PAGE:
A memorial to the seven killed in the Aug. 13, 2011 stage collapse during a Sugarland concert at the Indiana State Fair, goes virtually unnoticed by fair visitors on opening day of the 2012 run of the State Fair in Indianapolis, Aug. 3, 2012. (AP Photo/Michael Conroy)
INDIANAPOLIS (AP) — The Indiana State Fair that opened Friday is trying to shake off the emotional and economic shadow of last year's deadly stage collapse, pumping up the event's appeal in hopes of drawing back crowds whose faith in the annual tradition was shaken by the tragedy.
Stage rigging fell onto a crowd waiting for the country duo Sugarland to take the stage as high winds slashed through the city ahead of an approaching storm last Aug. 13. Seven people died and dozens more were injured, including some who are still struggling to recover.
The collapse sparked months of investigations and lawsuits amid questions about why the show wasn't canceled or postponed. In the year since, fair officials have made sweeping changes to their safety procedures and changed the organization's management structure. Lawmakers passed a bill requiring state inspections of such temporary structures.
Fair officials and vendors hope it's enough to bring people back to rebuild fond memories of an event many liken to a family reunion.
"I think it's a good idea to bring people back out and let them know the fair is a safe place," said Chris Tincher of Corydon, whose family has been bringing its deep-fried candy stand to the fair for about 50 years.
Still, the impact of last year's collapse is evident even beyond the memorial plaque outside the grandstand that honors the seven people killed.
Ticket prices are up and a new parking fee has been implemented as officials try to recover from a steep drop in revenue after the collapse, which forced the fair to cancel several big concerts and close for a day. Attendance was down 8 percent from 2010, and the fair's overall revenue fell from $11.9 million in 2010 to $8.38 million in 2011.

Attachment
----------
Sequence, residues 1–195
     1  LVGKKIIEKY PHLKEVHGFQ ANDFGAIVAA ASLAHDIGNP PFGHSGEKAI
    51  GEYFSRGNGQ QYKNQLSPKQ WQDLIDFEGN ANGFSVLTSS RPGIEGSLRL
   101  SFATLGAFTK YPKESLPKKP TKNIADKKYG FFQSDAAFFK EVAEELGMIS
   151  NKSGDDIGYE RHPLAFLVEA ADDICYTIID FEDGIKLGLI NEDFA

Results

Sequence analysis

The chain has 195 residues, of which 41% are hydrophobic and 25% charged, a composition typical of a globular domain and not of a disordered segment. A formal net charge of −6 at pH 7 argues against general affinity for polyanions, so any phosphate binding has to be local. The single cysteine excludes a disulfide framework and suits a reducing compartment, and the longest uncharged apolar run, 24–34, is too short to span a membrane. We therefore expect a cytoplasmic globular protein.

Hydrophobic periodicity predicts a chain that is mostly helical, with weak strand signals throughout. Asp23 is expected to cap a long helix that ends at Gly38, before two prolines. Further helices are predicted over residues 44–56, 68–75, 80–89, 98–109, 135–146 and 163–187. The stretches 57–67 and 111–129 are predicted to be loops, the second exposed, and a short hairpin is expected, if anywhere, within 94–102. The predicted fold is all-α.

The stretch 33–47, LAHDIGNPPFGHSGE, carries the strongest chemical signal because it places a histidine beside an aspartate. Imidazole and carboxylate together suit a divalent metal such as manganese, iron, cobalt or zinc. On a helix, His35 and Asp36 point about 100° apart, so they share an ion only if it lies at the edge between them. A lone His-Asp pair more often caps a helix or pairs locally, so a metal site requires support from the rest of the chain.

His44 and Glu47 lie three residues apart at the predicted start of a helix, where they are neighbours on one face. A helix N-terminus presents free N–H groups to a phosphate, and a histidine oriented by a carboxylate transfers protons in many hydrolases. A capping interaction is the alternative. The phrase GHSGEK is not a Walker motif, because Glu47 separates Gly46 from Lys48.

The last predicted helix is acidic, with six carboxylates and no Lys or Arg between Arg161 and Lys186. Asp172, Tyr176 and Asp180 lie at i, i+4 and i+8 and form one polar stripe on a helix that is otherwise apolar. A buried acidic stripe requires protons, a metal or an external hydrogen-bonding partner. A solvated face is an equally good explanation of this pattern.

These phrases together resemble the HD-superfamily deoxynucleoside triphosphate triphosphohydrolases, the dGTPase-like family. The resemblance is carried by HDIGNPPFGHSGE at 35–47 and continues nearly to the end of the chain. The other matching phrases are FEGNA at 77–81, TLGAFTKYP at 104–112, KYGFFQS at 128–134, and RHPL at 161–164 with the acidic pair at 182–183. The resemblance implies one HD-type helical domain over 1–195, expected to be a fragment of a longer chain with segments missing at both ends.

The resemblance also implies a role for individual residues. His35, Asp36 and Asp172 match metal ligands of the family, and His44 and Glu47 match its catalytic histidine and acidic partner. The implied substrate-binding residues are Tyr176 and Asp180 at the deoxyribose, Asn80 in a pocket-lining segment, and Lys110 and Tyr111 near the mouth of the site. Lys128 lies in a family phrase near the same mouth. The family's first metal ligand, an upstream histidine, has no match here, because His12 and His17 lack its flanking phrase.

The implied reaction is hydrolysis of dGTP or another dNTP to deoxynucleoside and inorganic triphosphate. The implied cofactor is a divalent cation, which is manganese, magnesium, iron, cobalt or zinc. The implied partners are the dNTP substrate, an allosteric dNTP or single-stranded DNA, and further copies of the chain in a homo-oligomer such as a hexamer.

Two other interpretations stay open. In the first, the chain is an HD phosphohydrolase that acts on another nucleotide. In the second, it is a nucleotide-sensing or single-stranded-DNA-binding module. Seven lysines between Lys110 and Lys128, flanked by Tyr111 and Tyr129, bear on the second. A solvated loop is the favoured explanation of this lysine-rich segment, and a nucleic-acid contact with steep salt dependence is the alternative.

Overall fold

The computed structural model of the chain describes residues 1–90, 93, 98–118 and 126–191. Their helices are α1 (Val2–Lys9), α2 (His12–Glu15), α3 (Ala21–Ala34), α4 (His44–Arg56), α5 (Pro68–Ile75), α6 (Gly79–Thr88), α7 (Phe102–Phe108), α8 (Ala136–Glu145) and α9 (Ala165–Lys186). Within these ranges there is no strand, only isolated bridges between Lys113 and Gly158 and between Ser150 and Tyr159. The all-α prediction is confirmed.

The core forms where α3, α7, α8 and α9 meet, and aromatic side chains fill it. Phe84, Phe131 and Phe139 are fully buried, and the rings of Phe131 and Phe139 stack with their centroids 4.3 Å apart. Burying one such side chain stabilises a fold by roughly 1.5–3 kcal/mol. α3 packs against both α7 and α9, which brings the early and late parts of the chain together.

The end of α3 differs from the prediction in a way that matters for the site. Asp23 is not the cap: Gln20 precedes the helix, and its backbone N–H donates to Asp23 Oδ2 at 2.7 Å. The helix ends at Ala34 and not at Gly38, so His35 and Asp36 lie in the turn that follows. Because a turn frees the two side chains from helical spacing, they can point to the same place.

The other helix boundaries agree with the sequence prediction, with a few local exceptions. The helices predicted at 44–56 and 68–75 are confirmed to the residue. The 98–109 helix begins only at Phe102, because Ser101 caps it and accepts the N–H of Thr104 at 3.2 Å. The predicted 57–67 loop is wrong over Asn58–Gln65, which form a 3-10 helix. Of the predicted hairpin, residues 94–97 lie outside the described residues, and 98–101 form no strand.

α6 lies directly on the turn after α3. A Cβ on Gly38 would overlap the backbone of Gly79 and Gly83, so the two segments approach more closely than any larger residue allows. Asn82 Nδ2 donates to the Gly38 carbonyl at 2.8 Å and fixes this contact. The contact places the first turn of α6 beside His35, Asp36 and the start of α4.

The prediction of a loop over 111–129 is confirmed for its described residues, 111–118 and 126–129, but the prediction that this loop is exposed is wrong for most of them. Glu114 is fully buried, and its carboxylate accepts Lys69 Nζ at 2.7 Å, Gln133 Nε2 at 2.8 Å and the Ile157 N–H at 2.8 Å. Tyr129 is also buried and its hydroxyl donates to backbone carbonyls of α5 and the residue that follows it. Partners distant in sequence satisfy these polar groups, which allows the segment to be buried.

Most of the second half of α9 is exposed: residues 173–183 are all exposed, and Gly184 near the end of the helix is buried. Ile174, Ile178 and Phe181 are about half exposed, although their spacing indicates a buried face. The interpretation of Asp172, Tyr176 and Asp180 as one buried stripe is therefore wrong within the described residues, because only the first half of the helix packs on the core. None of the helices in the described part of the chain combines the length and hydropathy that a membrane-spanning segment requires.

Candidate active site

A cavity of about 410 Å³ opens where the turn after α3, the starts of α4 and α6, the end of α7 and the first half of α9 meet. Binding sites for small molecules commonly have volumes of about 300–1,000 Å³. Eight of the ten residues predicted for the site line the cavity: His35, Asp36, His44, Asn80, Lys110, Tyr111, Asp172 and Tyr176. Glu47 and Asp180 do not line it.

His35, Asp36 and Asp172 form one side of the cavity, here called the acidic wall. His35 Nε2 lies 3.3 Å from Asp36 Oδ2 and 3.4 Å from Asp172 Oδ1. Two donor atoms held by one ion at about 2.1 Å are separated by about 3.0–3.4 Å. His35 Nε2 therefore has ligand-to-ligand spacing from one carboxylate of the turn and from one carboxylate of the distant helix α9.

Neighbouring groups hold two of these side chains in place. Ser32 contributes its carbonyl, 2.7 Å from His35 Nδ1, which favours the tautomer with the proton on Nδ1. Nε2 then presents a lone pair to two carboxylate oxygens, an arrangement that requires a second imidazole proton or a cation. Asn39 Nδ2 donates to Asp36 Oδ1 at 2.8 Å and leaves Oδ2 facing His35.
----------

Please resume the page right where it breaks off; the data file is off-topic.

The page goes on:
This year's headline concerts, which include shows from Barry Manilow, Train and Blake Shelton, have been moved to Bankers Life Fieldhouse in downtown Indianapolis. That takes people — and the money they'd spend at the fair — off the fairgrounds for events that typically are big draws.
Fair organizers hope to offset that impact by increasing shows on a permanent free stage, where acts like REO Speedwagon and MC Hammer will perform. The grandstand will offer more thrill-based entertainment, like motorcycle races, tractor pulls and monster truck rallies.
"This is the most programmed that we've ever been," fair spokesman Andy Klotz said.
The fair also is promoting options for discounted tickets and is offering concertgoers who attend the downtown shows free admission on any day of the 17-day fair.
"We believe this fair will be about healing," said Fair Commission Executive Director Cindy Hoye.
While she says the fair must move on and get back to being a place where people go to celebrate Indiana tradition, Hoye noted it's important to pay respects to the victims of the collapse.
A moment of silence is planned for 8:46 p.m. Aug. 13, the anniversary of the collapse. Amusement rides, games and concession stands will come to a halt, perhaps for as long as five minutes.
How well the changes play with fairgoers won't be known until the final attendance and revenue figures come in. Many of those arriving for the fair's opening Friday said they thought the fair was likely a safer place because of the new protocols.
Ashley Gregory, 21, of Danville, Ind., paused to reflect by the plaque honoring the victims. She was at the concert last year when the stage collapsed but wasn't injured.
She said being at the fair "feels different" this year but that she couldn't stay away.
"I love the state fair. I'll always come back to the support the fair," she said.
Lindsey Lewis, 21, a Purdue University student from Greenfield who was at the grandstand with a friend the night of the collapse but left as storm clouds approached, shared that sentiment.
"When that accident happened, like all of us came together and kind of grieved even if we didn't know the people," Lewis said. "And I think that's what this year is all about — coming together."